Michele has contacted Rep. Susan Davis’ office for assistance, but was informed that since she is no longer in Davis’ district due to redistricting, there is nothing they can do. She tried to enlist the services of famed women’s rights attorney Gloria Allred, but was informed that Ms. Allred was not taking on any new cases at this time. She has also contacted her current Representative Scott Peters’ office, and although they have promised to look into it, she has only received one email correspondence from them. Michele has also been in contact with the American Embassy in Australia, who provided Kyla with a public defender who so antagonized the magistrate that she made matters worse for Kyla. That public defender has since dropped the case.
To make matters worse, BR’s stepfather is from South Africa, where he plans to take the children for a visit. It is feared that once they leave Australia, Kyla will never see her children again. Both children constantly ask Kyla and Michele when they can “come home” to San Diego, desperate to return to the large extended family that awaits them here.
We are at our wits end. Michele has tried every possible way of getting a fair and impartial magistrate to hear the custody case. BR has told her that there is no way she will win because his family has a lot of money and is very powerful in his town. He has also made it very clear that his stepfather has a lot of people who owe him favors, and he is not above cashing in on them now.
We’ve heard the horror stories of American mothers trying to bring their children home from places like Iran and Brazil and the nightmares they are forced to endure. We have discovered that Australia is no better; it may be worse. In fact, when Kyla called the police to report that BR was abusing the children—slapping them in the face—she was told bluntly “that’s the way it’s done here.”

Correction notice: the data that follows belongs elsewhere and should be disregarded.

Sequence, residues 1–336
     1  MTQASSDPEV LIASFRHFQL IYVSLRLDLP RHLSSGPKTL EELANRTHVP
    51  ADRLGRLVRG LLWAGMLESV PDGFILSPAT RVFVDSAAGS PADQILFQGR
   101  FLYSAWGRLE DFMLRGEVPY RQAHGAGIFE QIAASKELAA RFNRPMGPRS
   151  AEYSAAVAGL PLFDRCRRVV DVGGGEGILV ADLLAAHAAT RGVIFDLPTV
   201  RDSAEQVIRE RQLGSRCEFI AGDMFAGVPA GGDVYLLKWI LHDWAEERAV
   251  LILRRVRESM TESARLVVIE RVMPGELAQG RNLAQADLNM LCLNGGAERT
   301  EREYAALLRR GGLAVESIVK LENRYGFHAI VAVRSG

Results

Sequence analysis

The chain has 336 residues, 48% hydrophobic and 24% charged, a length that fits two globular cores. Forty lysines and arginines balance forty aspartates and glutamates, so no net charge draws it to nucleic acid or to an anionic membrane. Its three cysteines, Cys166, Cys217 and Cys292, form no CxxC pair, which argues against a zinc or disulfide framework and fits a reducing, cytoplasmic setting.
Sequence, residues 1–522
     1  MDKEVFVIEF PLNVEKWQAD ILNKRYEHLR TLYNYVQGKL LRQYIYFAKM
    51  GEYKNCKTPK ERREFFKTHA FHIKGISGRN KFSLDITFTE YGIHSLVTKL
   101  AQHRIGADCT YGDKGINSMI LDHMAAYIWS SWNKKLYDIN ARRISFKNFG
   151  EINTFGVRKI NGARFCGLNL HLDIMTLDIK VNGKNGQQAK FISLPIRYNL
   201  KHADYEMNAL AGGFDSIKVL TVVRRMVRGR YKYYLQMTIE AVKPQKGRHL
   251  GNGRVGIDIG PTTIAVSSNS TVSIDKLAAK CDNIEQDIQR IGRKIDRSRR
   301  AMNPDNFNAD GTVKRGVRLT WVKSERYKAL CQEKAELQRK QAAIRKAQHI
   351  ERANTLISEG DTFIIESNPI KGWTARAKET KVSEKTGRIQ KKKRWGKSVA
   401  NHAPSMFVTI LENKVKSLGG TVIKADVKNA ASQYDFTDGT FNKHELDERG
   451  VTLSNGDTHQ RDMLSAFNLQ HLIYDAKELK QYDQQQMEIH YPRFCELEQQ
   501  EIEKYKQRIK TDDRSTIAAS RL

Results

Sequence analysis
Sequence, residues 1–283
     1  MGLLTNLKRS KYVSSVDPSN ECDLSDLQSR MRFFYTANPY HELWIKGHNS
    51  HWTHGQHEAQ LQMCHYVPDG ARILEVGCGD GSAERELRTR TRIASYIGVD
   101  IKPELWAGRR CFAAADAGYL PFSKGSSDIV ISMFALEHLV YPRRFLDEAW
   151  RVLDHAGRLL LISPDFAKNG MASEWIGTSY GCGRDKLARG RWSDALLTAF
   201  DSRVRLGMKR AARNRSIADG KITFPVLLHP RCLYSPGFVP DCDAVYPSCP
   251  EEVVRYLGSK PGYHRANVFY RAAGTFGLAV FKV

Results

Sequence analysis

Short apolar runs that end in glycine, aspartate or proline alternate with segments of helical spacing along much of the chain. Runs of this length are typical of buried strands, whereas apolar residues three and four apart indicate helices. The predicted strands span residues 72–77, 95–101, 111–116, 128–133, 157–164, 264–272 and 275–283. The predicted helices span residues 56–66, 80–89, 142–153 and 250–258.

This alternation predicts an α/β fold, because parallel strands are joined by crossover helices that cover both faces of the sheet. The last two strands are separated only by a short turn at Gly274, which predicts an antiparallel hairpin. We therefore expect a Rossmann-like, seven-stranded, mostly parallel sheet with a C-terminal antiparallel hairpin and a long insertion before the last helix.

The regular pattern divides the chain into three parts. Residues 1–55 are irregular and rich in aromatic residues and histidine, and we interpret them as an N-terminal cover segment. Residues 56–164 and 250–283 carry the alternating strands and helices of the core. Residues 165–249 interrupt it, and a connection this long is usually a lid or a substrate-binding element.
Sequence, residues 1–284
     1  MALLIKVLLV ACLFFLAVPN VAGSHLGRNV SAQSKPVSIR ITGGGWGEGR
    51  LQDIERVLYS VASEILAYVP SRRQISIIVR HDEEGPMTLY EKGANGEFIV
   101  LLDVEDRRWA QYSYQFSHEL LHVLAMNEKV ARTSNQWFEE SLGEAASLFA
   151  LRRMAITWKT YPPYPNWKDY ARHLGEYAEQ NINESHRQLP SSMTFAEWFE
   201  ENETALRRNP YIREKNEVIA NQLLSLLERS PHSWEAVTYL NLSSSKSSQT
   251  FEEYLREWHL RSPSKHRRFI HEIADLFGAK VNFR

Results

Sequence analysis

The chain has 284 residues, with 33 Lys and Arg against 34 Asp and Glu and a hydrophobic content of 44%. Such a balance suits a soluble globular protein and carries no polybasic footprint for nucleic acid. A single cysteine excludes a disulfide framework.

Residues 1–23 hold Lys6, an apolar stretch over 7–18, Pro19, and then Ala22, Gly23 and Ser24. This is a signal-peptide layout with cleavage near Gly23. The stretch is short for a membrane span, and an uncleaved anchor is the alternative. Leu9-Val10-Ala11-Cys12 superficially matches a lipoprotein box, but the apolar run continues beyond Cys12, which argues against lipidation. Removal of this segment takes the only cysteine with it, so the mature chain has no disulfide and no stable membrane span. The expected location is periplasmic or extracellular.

We need help, and we need it fast. We are desperate. Any suggestions would be welcome.
Here is an update by Judi Curry on June 19th:
I spoke to Kyla last night and I want to correct some of the statements made in the original posting. Please forgive my errors – I went by what I had gleaned together from court reports and other information.
The changes are minor:
1. The in-laws had already purchased the house that Kyla and BR were going to move into, but it was already occupied by tenants when Kyla arrived. They had to live with the in-laws until the house was vacated.
2. The father-in-law is a step-father. Not BR’s father
3. The father-in-law did not change the locks – BR had locked her out.
4. Turned out the cheekbone was badly bruised, not broken.
5. BR took out the restraining order at the advice of the step-father. Step-father filed the vandalism charges.
6. She wasn’t turned away at the hospital. They ceased treating her when BR told them she was a prescription drug addict
7. The girlfriend of BR – is an “ex” girlfriend he was unfaithful with during the course of the marriage.
8. The girlfriend threatened to “kick Kyla in the ovaries” not “stomp on her stomach.”
9. The US Embassy did not provide her with a public defender – the defender came from the Legal Aid Office. The P/D didn’t drop the case, per se. Cases are passed to whichever P/D is available at the time. The US Embasy has been next to useless each time they have been contacted.
10.BR didn’t slap the children in the face but often smacks them on their rears.